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Smart working under observation

A newly-published study which begins to discuss the advantages and challenges of working from home within a particular field

Working from home. Or as it is sometimes described, smart working. A practice that was once uncommon, but which today – suddenly and abruptly – has become an obligation for many, and a question mark for many others. The events of recent months with Covid-19 have called into question certain working practices and standards that once seemed set in stone. So, while the factories (necessarily) stopped producing, offices (in many cases) were faced with a different fate.

The issue of smart working also extends to the public administration, and Giovanna Filosa (a technologist working for INAPP, the National Institute for Public Policy Analysis, formerly known ISFOL) has focused her attention on this particular issue. With “Il cambiamento come opportunità: la formazione ai tempi del Coronavirus”, (Change as opportunity: training in the time of Coronavirus), Filosa to examine what home-working used to mean for the public administration. It is a common opinion – the researcher writes – that the COVID-19 emergency has placed our manufacturing structures (which were traditionally organised around a rigid separation between work and home life, both in terms of time and location) in crisis. All this has taken place against the backdrop of a global emergency, and as such, changes have often been implemented without adequate trial periods and/or training that would have enabled workers to adapt in a less traumatic way to the new organisational model that is based on working from home.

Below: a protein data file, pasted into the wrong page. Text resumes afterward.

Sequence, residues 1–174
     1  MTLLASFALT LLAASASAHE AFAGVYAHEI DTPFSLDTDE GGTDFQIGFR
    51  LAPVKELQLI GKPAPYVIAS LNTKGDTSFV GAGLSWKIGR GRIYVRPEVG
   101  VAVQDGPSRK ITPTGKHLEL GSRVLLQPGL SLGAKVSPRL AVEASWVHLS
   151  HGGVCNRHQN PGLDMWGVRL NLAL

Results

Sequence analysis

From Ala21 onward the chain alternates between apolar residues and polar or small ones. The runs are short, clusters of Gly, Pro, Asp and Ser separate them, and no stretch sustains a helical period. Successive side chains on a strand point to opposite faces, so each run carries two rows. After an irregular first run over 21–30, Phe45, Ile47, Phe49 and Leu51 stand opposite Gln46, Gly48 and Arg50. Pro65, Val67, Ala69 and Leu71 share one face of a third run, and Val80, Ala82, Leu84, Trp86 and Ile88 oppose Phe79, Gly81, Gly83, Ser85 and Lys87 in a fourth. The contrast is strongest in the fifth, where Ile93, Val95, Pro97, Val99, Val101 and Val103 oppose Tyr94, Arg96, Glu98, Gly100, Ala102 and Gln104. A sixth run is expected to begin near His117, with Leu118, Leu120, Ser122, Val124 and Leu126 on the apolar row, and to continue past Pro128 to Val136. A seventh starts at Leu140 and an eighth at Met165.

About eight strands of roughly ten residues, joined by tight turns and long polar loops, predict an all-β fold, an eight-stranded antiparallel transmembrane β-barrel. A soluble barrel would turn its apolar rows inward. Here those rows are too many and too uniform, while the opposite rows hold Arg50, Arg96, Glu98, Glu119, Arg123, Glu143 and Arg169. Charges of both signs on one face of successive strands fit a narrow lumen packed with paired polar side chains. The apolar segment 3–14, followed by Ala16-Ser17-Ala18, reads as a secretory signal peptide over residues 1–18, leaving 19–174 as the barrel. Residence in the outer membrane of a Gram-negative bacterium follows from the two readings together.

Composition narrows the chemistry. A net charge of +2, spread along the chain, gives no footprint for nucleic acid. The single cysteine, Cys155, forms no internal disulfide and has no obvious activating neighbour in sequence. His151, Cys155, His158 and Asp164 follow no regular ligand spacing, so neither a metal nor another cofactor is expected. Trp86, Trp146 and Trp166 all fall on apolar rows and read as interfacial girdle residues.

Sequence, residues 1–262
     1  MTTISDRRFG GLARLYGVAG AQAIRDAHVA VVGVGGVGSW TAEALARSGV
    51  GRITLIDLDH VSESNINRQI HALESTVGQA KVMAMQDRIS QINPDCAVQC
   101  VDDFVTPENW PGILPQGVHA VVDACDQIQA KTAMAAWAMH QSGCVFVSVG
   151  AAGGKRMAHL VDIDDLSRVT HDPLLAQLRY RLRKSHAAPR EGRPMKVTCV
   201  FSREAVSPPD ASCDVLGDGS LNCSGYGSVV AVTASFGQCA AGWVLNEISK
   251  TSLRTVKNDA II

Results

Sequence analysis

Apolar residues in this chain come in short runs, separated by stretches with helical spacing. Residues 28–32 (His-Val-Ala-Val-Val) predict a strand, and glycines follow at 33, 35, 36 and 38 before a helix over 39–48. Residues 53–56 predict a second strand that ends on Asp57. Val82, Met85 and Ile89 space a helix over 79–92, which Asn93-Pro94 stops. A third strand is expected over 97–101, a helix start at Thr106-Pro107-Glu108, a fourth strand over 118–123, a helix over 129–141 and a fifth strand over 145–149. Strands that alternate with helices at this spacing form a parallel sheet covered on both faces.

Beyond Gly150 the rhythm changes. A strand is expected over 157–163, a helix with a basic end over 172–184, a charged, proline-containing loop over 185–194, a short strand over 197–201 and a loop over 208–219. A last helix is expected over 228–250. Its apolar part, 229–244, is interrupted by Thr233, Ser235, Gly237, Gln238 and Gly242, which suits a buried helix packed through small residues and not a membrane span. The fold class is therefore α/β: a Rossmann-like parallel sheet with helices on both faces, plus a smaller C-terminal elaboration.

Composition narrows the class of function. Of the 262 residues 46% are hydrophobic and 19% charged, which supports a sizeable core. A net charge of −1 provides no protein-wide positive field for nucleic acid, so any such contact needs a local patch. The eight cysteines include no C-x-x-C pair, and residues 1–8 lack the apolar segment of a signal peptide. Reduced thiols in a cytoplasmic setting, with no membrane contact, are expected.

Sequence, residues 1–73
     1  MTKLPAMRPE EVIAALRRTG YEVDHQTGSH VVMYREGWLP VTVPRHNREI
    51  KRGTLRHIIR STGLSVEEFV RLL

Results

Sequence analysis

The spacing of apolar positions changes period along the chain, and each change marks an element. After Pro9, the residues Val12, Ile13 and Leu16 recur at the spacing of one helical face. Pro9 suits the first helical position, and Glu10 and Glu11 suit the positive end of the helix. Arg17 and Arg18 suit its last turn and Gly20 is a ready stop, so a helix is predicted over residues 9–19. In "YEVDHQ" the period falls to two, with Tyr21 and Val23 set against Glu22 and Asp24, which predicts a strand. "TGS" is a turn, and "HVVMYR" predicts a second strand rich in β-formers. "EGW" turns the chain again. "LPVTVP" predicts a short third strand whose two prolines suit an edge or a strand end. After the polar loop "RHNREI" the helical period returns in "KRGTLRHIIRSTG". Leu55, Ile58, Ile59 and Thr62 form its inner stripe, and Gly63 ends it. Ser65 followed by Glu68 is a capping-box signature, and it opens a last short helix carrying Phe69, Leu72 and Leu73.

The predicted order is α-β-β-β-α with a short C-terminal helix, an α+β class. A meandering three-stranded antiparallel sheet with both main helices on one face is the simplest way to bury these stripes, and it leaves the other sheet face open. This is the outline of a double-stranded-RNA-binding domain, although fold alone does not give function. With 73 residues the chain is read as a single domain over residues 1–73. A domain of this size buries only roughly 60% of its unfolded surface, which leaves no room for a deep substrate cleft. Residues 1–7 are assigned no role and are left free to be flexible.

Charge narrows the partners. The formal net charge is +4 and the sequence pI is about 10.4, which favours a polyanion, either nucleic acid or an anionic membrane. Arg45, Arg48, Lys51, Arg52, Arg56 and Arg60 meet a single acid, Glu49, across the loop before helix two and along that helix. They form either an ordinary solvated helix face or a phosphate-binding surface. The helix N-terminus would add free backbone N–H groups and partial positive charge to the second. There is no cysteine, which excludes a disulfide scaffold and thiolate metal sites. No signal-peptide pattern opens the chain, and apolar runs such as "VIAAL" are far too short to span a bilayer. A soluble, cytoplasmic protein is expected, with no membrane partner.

This is the starting point for Filosa’s research: to try to understand what exactly has happened, in terms of the emergency, training and the radical and rapid changes to established habits. She uses the public administration as a case study.

As such, this is presented as “a unique working context (…), which over the course of just a few days was subject to a real Copernican revolution: from obligatory and hyper-controlled ”, to smart working as a favoured and indeed strongly recommended form of organisational set-up.” Filosa has observed a series of training processes – above all those delivered via computers (e-learning) which can be used remotely, in a more or less interactive manner, as well as in asynchronous mode (webinars), or as self-learning – seeking to understand the challenges faced by workers, the solutions adopted and the results in terms of production.

The author, therefore, ponders whether we can draw positive and lasting lessons from everything that has happened, and is happening now. As such, Filosa writes: “There is no going back: the advantages of smart working, both for the individual and the community as a whole, are now well known to all, as is the obsolescence of organisational models that take a task and control-based approach, instead of one which focuses on the verification of results and the achievement of agreed and shared production objectives. The Covid-19 crisis has forced an abrupt acceleration of processes that can no longer be deferred: it now seems clear that innovation within the public administration will not be achieved through the biometric detection of staff attendance, but rather through moving beyond a time card-based approach to work.”

Il cambiamento come opportunità: la formazione ai tempi del Coronavirus(Change as opportunity: training in the time of Coronavirus)

Giovanna Filosa

Rivista trimestrale di Scienza dell’amministrazione. Studi di teoria e ricerca sociale, 2/2020